The Edge Best Call Awards 2018

This article first appeared in Capital, The Edge Malaysia Weekly, on December 31, 2018 - January 06, 2019.
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PICKINGS were thin this year — not a surprise, given that the bellwether FBM KLCI and broader FBM Emas Index look set to end the year in the red after gaining 9.45% and 12.9% respectively, in 2017.

Yet, there were some surprises among the 82 nominations for 67 stocks from 14 research outfits received for the 13th edition of The Edge’s Best Call Awards for 2018.

We chose 12 winners this year, some of which may well be deemed by critics as “too small” or too thinly traded to matter. While they may well have not made the cut in a good year, there is still value in the discovery.

There were also neglected stocks that did well after being highlighted. As always, this year’s winners continue to include those who rightly stuck their necks out by calling an outright ‘sell’ or ‘buy’ against consensus and were proven right.

Last year’s 17 winners were selected from 90 recommendations for 66 stocks received from 16 research houses. We received 86 nominations for 75 stocks from 14 outfits in 2016. Most nominations were from heads of research and the analysts themselves, others being fund managers and other analysts in support of their colleagues.

Like last year, we made some allowances for calls made in 2017 that proved right in 2018. The awards are our best-effort attempt to recognise good fundamental stock analysis and its importance in making investment decisions, based on submissions and publicly available data. Feedback on the methodology and winners is welcome at [email protected].

With that, here are this year’s winners in no particular order. Congratulations to the winners. And to the good stock pickers who slipped under our radar, keep up the good work.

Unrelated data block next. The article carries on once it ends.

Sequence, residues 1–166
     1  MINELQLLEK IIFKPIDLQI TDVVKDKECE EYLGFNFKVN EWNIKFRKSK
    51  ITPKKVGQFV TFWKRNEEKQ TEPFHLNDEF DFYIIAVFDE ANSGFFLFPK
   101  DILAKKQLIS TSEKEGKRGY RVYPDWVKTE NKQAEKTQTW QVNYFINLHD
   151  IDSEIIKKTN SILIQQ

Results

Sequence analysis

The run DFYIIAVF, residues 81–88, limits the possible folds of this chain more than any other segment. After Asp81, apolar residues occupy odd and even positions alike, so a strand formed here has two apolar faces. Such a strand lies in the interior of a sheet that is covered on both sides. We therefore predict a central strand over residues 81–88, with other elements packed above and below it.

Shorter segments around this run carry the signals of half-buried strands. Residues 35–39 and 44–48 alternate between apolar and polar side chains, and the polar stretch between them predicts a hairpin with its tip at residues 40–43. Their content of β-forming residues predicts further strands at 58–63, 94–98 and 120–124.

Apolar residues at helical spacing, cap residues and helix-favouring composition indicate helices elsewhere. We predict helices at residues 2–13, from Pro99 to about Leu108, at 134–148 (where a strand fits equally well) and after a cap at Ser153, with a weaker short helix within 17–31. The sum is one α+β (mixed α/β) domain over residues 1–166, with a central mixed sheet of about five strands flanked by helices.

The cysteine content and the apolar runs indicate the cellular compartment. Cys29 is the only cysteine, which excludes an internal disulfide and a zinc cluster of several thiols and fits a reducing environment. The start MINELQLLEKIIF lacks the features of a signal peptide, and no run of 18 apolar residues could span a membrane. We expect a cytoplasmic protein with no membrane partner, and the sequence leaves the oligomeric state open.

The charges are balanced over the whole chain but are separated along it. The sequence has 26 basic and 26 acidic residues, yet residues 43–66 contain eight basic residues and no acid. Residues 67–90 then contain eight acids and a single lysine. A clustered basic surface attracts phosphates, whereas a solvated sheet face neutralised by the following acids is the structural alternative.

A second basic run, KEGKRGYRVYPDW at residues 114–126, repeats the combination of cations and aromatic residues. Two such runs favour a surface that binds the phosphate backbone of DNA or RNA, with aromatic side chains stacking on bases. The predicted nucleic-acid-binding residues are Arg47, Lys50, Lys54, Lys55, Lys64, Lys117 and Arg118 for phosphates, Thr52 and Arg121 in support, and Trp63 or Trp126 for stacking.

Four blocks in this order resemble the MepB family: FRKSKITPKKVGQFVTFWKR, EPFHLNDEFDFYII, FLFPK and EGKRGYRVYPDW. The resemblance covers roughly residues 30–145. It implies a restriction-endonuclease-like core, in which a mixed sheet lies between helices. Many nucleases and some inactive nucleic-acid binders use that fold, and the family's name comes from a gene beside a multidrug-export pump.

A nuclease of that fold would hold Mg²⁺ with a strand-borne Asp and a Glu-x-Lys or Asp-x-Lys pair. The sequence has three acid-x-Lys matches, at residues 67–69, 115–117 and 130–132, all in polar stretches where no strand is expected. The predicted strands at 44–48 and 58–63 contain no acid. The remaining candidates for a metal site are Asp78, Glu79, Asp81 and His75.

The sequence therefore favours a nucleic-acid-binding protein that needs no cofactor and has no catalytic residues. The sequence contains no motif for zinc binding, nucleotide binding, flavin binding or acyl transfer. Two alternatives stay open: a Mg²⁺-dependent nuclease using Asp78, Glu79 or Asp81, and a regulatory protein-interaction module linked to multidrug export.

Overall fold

Happy New Year 2019!


Maybank Investment Bank Research analyst Liaw Thong Jung’s call on Barakah Offshore Petroleum Bhd

Just 19 months ago, one might have been hard-pressed to believe that Barakah Offshore Petroleum would lose half a billion ringgit worth of market capitalisation.

When Liaw downgraded Barakah from “hold” to “sell” on May 30, 2017, the counter’s market value was just over RM520 million as the stock closed at 63 sen. It was when Barakah reported a RM4 million core net loss in 1Q2017 that Liaw cut his target price to 13 sen from 63 sen and told clients there was “no immediate catalyst in sight” for the stock, pointing out that the operating environment would be tough and an asset impairment exercise could not be ruled out.

He was the first and only analyst to cut the stock to “sell” at that point, with other analysts caling a “sell” only three months later, in end-August when the stock price had slipped 28.6% to 45 sen, Bloomberg data show. While Liaw should not have upgraded the counter to “buy” when the stock was 68 sen in December 2016, he redeemed himself somewhat with the early downgrade in 2017.

The stock was valued at only RM37.6 million as it closed at 4.5 sen on Dec 21, a 92% decline since the “sell” call. At the time of writing, Liaw still had a “sell” recommendation with a 6 sen target price.


Macquarie Research head Anand Pathmakanthan’s call on IHH Healthcare Bhd

Investors risked “missing the trees for the forest”, warned Anand on Aug 8, when he downgraded dual-listed IHH Healthcare Bhd from “neutral” to “underperform”. He was referring to the “fixation on India’s long-term potential” post IHH’s successful acquisition of Fortis Healthcare that had obscured “many short [and] medium-term earnings risks” from “an arduous multiyear restructuring effort”.

In hindsight, we know the call was not perfect — some may argue that a downgrade should have come in May when the stock was fetching about RM6.30 apiece. But his downgrade was still well ahead of consensus, Anand was the second of 22 analysts to call a “sell” on IHH, with the other having maintained a “sell” since at least late 2016, according to Bloomberg data.

The consensus target price was RM6.53 when Anand cut his target price to RM5.10 apiece from RM6. From RM5.96 per share on Aug 8, IHH fell as much as 24% over two months to RM4.54 on Nov 13, before retracing some of the losses.

At the time of writing, more people were bearish on IHH. Anand is now one of four analysts with a “sell” recommendation. Fourteen analysts are maintaining a “buy” call while four others say “hold”. Anand’s target price remains below the consensus of RM6.03.